HotSeat Revisited: Michael Hadfield, Group Sales Director for The Advanced Plastics Group

This week, we have a familiar face in the HotSeat. Michael Hadfield, Group Sales Director for The Advanced Plastics Group, formally MD at Protool Plastics, was last in the famous chair back in June 2018, and it’s safe to say a lot has changed since then.

What trends do you think will shape the future of UK plastics?  How will The Advanced Plastics Group respond?

Environmental issues will continue to be a major focus in the plastics industry, and the drive to use recycled plastics and sustainably produced virgin grades will continue at pace.

The ‘demonisation’ of plastic is a daily headline across all news channels and social media outlets and is causing major changes of government policy that are often counterproductive to their aims when dissected by experts in CO2 emissions over various production processes.

The positive case for plastic should be an easy sell when the facts are laid out in black and white….BUT I firmly believe that the message will continually be rejected until each country recycles its own waste and not ship it around the world for disposal.

Take away the emotive issues, and the facts will become much clearer, and then real progress can be made.
The Protool Plastics Group has long been a champion of recycled polymers and actively works with customers to move away from virgin grades where possible, with some major successes.

A Fareham customer that consumes over 50 tonnes of polymer per month has transitioned from 20% to 90% recycled materials in the past 5 years and we have also introduced a post-industrial grade of PC that is now commonly used by most of our major lighting customers.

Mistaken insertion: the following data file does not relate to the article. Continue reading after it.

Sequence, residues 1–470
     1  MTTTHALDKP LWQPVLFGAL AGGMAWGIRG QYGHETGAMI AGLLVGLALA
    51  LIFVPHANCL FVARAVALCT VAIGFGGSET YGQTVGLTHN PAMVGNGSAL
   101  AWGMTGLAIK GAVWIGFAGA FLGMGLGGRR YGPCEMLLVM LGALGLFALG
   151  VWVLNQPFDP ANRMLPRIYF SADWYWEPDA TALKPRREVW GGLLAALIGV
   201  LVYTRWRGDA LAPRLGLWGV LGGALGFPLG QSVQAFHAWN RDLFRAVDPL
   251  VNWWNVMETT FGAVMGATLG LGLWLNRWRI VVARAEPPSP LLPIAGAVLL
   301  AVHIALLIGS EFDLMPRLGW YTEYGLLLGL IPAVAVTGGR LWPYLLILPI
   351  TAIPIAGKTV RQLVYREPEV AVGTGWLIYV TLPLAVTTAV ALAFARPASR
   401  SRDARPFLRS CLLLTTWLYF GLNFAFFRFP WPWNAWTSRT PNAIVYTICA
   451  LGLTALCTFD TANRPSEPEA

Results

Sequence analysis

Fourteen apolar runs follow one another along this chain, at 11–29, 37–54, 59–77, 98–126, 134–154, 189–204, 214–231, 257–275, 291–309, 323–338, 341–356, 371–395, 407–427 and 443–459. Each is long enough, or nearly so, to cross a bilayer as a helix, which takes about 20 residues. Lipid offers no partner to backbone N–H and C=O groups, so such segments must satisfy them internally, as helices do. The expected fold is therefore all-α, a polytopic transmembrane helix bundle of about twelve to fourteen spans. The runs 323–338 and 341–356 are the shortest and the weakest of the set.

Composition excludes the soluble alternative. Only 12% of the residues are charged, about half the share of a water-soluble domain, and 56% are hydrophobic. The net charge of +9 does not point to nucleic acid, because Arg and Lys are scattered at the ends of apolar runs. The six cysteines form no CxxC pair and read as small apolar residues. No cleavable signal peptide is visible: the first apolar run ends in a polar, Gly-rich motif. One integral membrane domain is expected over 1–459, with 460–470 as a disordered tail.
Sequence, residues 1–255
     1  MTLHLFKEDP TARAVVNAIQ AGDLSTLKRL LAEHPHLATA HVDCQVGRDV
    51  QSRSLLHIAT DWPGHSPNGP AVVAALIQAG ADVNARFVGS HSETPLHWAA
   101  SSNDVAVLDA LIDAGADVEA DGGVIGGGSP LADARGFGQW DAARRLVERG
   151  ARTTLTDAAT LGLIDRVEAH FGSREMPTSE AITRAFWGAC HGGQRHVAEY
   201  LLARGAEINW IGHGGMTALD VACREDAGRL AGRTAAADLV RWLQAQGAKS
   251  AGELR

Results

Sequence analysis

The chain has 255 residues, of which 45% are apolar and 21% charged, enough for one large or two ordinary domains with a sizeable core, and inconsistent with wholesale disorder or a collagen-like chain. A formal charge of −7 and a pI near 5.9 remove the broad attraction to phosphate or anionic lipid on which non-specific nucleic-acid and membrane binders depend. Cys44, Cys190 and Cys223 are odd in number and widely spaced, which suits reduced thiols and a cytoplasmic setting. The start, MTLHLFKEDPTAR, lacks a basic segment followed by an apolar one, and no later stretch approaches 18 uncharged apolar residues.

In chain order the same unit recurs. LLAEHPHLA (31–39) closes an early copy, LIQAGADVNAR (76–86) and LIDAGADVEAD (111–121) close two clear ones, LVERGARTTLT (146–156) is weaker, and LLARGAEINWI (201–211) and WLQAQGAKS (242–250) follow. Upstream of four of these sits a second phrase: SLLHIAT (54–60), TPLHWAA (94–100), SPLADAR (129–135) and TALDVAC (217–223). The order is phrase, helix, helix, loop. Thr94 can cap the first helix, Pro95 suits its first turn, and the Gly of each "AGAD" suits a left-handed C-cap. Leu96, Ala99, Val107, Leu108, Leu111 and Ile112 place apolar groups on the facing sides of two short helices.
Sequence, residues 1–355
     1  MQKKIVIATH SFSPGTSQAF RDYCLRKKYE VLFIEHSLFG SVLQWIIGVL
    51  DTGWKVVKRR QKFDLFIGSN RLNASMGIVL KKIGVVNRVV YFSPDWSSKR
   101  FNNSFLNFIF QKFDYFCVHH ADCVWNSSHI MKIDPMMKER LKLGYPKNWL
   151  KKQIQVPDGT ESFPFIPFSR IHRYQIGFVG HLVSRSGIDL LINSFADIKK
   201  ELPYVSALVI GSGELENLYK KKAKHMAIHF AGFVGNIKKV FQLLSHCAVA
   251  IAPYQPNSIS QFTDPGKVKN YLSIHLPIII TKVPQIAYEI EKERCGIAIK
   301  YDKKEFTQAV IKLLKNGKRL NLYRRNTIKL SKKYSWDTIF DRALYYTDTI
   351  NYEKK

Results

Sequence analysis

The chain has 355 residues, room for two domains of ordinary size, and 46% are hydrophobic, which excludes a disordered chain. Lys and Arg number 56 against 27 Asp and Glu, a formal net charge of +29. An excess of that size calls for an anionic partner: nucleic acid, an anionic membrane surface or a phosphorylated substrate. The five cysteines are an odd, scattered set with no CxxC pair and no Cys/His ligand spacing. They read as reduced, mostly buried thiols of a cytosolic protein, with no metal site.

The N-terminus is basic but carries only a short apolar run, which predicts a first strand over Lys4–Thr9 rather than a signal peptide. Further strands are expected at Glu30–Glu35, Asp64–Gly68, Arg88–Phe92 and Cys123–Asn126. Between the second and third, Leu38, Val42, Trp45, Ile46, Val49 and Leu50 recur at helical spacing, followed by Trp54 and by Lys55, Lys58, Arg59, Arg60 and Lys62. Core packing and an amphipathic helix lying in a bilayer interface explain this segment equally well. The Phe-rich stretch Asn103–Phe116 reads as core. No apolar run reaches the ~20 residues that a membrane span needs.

Advanced Plastics in Hull now has a zero waste to landfill goal with all plastic waste segregated and picked up weekly by a local recycling company where it is reground and resold into the plastics industry.

The Hull site has also firmly embraced the move to electric and low-energy usage machines with an annual replacement policy.

Other major challenges will be Artificial Intelligence and Industry 4.0, including automation, smart manufacturing and increasing levels of data that will give us valuable information to drive decision-making.

The Advanced Plastics Group has been at the technological forefront for many years, with all machines equipped with 6 axis robots and real-time production monitoring.

The expertise gained so far, and the desire to continually embrace technological advancements will keep The Advanced Plastics Group at the forefront of UK manufacturing for years to come…..advanced in approach, not just name.

How has Protool Plastics developed since you were last in the HotSeat in June 2018?

The most obvious change to The Protool Plastics Group came in 2022 when we were acquired by Advanced Plastics Limited, creating The Advanced Plastics Group.

The Protool Plastics Group saw significant growth from 2018 to 2022 with both Fareham and Manchester sites nearing capacity. With new customers continually coming on board and some existing customers seeing dramatic increases in sales the shareholders were looking at larger sites and potential acquisitions to incorporate the increase in sales.

A chance conversation with Chris Pearson in January 2022 quickly resulted in him offering to buy all of the Protool Group shares, which then started 6 months of intense due diligence.